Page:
Jacques Villeneuve, the rising and setting of the son
Carrying the name of a father who has won so much in the past is never easy. So just think of how Jacques Villeneuve felt, making his Formula 1 debut in 1996, faced with the barrage of questions about his father Gilles: what he remembered about him, how he felt now, and so on…
Jacques had one standard reply. “If you like we can talk about me and my racing. If not, let's not bother.” It was an attitude that provoked plenty of comment, all the more so because he didn't even try to hide his irritation. Was it down to embarrassment? The dredging up of uncomfortable memories? Or just the normal mindset of a 25-year-old firmly focussed on the future rather than the past? Or maybe it was all of these things combined?
Jacques was just 11 years and one month old in May 1982, when his father Gilles – one of the fastest and most-loved drivers in Formula 1 history – met his end during practice for the Belgian Grand Prix at Zolder. Gilles was the archetypal Ferrari driver, and had already cemented his place in grand prix legend thanks to a personality that was truly unique. The Canadian was blessed with an other-worldly turn of speed above all else, and then there were the incidents and accidents, written-off cars and high jinks that have passed into the annals of F1 myth.
But Jacques's arrival in Formula 1 was very different. He was fast, of course. But he was also consistent, intelligent, almost cynical. And incredibly determined. That determination was already present from when he was a kid. Two years after the death of his father, Jacques expressed a desire to go racing, but his super-protective mother Joann understandably blocked the plan. Jacques insisted: his mother replied that they weren't even going to talk about it until he came home with a decent grade in maths, Jacques's most hated subject. Jacques got the grade, and that opened the door to karting.
From then on, his career on four wheels took off, with teams finding the lure of his surname as well as the associated financial benefits irresistible, but there were also some false starts and tricky situations of his own making. Jacques did touring cars and Italian Formula 3, then Formula Nippon in Japan where he really rose to international prominence by finishing second overall in the championship. From there, he hit the road to America. He made his debut in 1993 in Formula Atlantic, with a number of wins and pole positions that would take him once more to second in the championship. In 1994 he graduated to Indycars, being elected as Rookie of the Year thanks also to his brilliant second place at the Indy 500. The following year he would win the 500 in style, making up nearly two laps lost due to a technical infringement. By the end of the season he was crowned Indycar champion, carrying the same number 27 on his car that his father had made famous. It all added to the weight of expectation that accompanied Jacques's Formula 1 debut in 1996 with Williams, which was at the time a championship contender.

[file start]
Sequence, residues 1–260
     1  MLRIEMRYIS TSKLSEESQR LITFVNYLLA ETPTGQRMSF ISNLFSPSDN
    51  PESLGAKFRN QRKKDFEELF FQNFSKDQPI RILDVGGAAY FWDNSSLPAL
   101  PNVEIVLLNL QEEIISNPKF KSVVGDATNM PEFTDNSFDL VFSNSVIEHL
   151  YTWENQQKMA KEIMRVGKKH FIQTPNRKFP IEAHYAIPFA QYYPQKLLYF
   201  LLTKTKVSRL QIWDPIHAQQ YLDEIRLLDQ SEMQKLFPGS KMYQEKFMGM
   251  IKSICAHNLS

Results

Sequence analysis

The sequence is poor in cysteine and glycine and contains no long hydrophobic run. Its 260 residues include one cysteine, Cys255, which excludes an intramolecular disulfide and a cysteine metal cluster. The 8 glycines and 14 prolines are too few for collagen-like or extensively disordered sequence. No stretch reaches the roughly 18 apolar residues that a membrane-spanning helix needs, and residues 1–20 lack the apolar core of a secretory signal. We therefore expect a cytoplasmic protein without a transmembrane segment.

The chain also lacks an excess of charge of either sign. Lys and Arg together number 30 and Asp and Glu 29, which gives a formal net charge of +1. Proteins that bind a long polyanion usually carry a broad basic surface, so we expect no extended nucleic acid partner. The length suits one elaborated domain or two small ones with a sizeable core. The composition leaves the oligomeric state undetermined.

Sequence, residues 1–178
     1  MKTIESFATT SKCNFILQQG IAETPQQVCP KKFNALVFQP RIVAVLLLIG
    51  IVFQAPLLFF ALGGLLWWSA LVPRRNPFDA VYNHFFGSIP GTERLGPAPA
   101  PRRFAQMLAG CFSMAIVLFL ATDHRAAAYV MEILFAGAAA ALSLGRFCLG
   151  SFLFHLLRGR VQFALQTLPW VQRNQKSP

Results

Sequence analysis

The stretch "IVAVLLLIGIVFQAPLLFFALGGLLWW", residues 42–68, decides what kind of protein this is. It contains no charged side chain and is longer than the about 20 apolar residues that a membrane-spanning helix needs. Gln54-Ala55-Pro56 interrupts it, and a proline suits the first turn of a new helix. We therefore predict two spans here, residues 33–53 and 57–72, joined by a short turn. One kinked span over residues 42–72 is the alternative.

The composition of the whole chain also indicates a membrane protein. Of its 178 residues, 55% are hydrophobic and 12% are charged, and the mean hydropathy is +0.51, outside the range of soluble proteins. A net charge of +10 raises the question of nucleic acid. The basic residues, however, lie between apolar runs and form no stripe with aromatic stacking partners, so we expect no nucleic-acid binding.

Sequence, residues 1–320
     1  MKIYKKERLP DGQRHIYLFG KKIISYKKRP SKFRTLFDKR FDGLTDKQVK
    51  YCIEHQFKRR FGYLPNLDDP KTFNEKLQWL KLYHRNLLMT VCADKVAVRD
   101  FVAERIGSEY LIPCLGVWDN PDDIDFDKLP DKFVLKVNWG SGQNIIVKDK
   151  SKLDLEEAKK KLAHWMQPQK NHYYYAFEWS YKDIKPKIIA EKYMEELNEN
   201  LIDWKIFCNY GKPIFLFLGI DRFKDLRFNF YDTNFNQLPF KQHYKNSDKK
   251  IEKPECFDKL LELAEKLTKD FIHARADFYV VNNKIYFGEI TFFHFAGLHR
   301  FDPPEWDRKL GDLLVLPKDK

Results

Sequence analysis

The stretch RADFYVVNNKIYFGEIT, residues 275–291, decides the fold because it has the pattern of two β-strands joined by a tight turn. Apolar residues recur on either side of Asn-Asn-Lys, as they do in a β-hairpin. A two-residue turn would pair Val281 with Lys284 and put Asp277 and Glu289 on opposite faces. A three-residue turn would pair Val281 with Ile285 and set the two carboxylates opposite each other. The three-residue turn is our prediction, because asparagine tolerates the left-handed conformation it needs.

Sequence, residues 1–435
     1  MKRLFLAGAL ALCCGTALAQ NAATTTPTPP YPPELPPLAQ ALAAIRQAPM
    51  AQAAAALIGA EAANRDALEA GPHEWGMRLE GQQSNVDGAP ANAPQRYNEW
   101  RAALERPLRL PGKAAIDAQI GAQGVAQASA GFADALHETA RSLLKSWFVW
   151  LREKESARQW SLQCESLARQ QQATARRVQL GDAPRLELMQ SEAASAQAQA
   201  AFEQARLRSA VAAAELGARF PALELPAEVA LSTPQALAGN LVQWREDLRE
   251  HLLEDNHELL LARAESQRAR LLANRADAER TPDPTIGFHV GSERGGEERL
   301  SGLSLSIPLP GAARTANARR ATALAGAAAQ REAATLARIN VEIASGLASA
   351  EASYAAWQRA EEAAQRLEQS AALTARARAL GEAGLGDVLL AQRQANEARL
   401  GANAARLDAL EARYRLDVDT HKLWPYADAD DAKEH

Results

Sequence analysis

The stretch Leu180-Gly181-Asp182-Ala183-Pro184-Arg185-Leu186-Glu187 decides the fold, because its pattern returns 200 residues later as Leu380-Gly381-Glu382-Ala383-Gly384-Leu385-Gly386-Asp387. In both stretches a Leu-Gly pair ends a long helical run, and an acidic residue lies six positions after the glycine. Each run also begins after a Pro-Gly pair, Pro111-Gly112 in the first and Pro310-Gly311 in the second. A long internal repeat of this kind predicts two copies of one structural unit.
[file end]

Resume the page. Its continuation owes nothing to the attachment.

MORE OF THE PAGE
The first race in 1996 was Australia, at the brand new Albert Park circuit in Melbourne, which had just taken over from Adelaide. Jacques took pole position and quickly moved into the lead, showing no deference whatsoever to his team mate Damon Hill (another son of an ex-champion, with Graham Hill having won the F1 title in 1962 and 1968, as well as being the only driver to clinch the ‘triple crown' of F1, Le Mans, and the Indy 500). Jacques was set for victory in Melbourne until an oil leak on the Williams dictated otherwise. But to serve notice of intent, he also managed to set the fastest lap before settling for second. Jacques also finished second in that year's world championship behind his team mate, with four race wins, three pole positions, and six fastest laps.
Jacques became lead driver the following year and fought hard for the title. It all came down to a duel with Michael Schumacher at the final race: the 1997 European Grand Prix at Jerez de la Frontera in Spain. Schumacher led from pole (and it was an incredible pole, as the two title contenders as well as the second Williams of Heinz-Harald Frentzen had set an identical time – right down to the nearest thousandth of a second)! But Jacques wasn't giving up. He caught Schumacher and then sent a move that nobody saw coming down the inside. The Ferrari and the Williams touched. Schumacher was penalised for making a deliberate move to try and take his rival off, while Villeneuve was the only one of the two to make it to the finish. He let the victory go to McLaren and Mika Hakkinen to concentrate on securing the title. Job done.
But from that point on, Jacques Villeneuve's career in F1 was a slow and steady decline. Williams lost its factory Renault engines in 1998 and became just a shadow of its former self with the 10-cylinder Mecachrome unit that replaced it. There were to be no pole positions or wins during that season, just as there would be none for the following five years after Jacques switched to BAR-Honda. Points were thin on the ground too; in 2004 Jacques contested just the three final grands prix with Renault (in the seat vacated by Jarno Trulli) and the following two seasons with Sauber didn't bring much joy either. He left the team (linked with BMW at the time) after the German Grand Prix in 2006, ceding his place to Robert Kubica.
There were other outings outside of Formula 1 – including Le Mans, Formula E, and rallycross – but Jacques has mainly concentrated on his family (he has three children) and television career since. He's still a familiar face at F1 races as a commentator with Sky Italia, and French channel Canal+. His personality hasn't changed though: he's irreverent, speaks his mind, and is never afraid to go against the grain. Whatever anyone else might think.
JACQUES VILLENEUVE: April 9, 1971
Pole positions: 13
Titles: 1 (1997)